- Quality of Medical Care: The US has the most expensive surrogacy programs, but for good reason. Sure, you will need to compensate the surrogate more because of a higher cost of living, but you are also paying for the best assisted reproductive services in the world. US doctors and surrogacy agencies have far more experience than other countries and so will provide you with the best care that you can get.
- Distance: Many intended parents want to foster some sort of relationship with the surrogate mother, or at least be able to check in on them. When you use an international surrogate, this will be nearly impossible. You may be able to call or video chat to check in, but this simply doesn’t offer the same reassurances that an in-person meeting will.
- Language Barrier: Even if you are able to get in touch with the surrogate mother, there may be a thick language barrier. Also, should you want to communicate with the doctors or surrogacy agency, you will likely have a tough time doing so.
- Citizenship: While most countries that allow surrogacy should make it relatively easy to get your child citizenship, it is still very much an added obstacle. You may need to wait weeks before your child can get the proper documents to return to the US. The US Department of State also forces you to complete a number of tests to ensure that you are the biological parent of the child.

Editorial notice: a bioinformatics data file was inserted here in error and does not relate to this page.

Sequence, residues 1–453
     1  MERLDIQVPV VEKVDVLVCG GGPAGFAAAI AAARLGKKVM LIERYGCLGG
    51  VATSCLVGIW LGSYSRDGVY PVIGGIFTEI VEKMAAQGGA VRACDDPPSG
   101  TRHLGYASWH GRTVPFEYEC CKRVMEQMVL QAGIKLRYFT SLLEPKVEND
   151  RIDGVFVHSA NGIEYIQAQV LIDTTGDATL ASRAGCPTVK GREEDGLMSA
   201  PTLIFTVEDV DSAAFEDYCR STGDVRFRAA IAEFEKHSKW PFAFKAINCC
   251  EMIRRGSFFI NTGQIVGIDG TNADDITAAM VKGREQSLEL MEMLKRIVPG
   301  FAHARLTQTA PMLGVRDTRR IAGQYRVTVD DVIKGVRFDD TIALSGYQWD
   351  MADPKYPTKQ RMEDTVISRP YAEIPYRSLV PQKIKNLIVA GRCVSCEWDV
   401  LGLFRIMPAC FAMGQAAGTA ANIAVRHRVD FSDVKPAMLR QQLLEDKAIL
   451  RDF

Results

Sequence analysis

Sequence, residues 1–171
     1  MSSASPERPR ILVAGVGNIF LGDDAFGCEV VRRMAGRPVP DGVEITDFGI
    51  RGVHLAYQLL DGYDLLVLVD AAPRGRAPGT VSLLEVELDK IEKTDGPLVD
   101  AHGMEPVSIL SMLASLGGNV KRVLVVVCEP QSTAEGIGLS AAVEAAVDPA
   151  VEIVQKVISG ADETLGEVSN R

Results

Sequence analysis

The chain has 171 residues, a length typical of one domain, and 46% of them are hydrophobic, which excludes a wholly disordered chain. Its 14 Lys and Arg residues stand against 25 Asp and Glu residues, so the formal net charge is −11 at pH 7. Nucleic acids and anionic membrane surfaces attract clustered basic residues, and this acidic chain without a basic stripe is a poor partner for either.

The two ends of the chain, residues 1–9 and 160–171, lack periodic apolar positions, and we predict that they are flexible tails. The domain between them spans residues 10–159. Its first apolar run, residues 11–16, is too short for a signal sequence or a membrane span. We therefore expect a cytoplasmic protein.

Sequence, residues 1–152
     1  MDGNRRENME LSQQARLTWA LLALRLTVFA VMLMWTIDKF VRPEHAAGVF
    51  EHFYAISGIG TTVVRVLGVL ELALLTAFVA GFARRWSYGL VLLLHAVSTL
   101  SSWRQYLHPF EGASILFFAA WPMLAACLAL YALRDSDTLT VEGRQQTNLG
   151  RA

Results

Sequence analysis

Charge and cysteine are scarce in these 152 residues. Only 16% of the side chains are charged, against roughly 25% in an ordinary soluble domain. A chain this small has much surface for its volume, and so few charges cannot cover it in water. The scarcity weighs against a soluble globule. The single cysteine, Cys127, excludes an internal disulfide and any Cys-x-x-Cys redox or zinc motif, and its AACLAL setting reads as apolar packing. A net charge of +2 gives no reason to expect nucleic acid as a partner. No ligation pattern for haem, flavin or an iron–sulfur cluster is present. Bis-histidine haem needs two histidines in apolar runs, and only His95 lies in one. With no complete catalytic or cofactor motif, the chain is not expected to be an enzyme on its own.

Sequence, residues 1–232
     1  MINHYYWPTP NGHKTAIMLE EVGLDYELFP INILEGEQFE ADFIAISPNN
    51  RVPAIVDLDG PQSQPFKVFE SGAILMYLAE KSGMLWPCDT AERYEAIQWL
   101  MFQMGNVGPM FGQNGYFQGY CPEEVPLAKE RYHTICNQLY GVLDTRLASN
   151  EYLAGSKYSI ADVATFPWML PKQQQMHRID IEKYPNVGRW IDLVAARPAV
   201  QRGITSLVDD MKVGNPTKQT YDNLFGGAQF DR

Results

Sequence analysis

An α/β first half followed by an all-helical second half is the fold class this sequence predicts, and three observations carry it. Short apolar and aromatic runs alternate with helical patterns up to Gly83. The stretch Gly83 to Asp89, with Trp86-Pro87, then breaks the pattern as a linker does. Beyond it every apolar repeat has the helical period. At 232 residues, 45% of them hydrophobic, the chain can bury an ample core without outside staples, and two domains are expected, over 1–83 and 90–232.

- Ethical Concerns: One of the main reasons international surrogacy is so much cheaper is simply because the surrogates are compensated less. They may not have as much of an interest in staying healthy or caring for the child if they believe they are underpaid. Also, the surrogate mother may have no say at all. In some countries, they may be forced by their husband or family to become a surrogate for financial reasons.